XGO7

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    #20
    Are SSD’s typically more reliable than HDD’s?
     
  21. Fishrrman macrumors G5

    Fishrrman

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    Feb 20, 2009
    #21
    wardie wrote:
    "I think the OP wanted to use the internal drive for other data not a backup copy of the new external SSD boot drive..."

    OK, then I'd make another suggestion:

    Partition the internal drive.
    Make the "first partition" about 30gb or so.
    Install a copy of the Mac OS onto it.

    Use the other partition for "other storage".

    Why suggest this?
    Because even though the OP won't be booting from the internal drive, there will then be an "emergency bootable partition" of the OS "just sitting there" on the internal drive, if for some reason he can't boot from the external SSD.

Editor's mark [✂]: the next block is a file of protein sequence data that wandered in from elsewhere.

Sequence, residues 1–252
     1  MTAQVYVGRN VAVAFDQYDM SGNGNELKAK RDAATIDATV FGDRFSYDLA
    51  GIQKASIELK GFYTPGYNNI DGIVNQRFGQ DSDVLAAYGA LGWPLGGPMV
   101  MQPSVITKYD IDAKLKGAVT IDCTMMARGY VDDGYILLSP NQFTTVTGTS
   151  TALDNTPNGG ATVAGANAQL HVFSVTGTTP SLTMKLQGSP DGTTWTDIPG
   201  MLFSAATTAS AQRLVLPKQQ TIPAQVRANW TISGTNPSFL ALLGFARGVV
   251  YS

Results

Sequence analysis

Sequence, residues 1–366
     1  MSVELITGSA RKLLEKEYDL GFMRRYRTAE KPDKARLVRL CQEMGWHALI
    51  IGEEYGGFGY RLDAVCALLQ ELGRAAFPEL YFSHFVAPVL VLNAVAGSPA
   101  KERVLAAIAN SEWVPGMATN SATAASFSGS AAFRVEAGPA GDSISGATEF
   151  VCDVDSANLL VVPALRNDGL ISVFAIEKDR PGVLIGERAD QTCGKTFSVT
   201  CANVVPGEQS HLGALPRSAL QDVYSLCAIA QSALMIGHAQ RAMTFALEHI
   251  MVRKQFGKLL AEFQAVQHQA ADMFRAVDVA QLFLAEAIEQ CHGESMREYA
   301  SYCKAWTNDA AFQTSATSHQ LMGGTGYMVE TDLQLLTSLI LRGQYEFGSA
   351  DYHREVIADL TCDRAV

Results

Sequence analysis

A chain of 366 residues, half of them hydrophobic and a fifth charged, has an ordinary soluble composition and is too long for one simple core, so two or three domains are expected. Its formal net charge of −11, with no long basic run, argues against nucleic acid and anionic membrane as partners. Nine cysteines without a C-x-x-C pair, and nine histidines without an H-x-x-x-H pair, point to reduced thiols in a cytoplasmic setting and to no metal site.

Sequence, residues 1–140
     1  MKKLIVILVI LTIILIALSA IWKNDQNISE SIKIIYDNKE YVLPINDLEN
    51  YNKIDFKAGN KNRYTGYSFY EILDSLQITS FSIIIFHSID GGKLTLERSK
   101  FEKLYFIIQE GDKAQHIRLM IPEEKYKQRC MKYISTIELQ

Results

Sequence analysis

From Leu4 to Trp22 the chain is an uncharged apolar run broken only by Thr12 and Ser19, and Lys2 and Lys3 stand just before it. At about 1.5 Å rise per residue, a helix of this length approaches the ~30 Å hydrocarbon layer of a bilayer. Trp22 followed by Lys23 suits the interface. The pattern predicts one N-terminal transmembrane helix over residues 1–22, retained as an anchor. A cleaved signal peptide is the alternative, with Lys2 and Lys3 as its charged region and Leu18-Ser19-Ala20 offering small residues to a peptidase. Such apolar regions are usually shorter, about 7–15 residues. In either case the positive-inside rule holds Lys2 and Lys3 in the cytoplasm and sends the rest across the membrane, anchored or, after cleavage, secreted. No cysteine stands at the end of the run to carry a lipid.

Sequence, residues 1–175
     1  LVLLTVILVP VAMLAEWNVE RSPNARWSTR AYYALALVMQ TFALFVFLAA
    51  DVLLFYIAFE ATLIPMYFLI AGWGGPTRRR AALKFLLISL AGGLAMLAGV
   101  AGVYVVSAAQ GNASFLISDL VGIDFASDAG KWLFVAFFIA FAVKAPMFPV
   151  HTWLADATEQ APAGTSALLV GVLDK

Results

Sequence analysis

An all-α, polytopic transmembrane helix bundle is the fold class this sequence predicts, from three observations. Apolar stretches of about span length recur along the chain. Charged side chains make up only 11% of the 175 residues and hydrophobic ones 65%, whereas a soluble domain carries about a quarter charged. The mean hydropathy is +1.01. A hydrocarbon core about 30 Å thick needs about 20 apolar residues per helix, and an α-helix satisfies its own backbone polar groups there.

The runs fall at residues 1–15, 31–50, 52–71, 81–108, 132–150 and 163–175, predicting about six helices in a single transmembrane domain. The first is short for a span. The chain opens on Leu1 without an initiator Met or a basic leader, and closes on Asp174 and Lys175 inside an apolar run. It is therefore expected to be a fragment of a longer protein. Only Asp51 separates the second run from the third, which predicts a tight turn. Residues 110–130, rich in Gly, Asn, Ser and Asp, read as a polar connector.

This will become FAR MORE VALUABLE than the recovery partition in "a moment of need".
    If the SSD fails -- just "goes dark" (and I've had one that did this) -- the recovery partition on it will be as "inaccessible" as the main partition, and there will be no way to boot (other than perhaps internet recovery).

    Having that "second bootable copy" of the OS is the best way to run.
    You might not need it very often, but when you DO need it, it's great to have.
     
  22. ChrisChaval macrumors 6502

    ChrisChaval

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    Aug 30, 2016
    #22
    create a time machine backup and restore from it when installing on SSD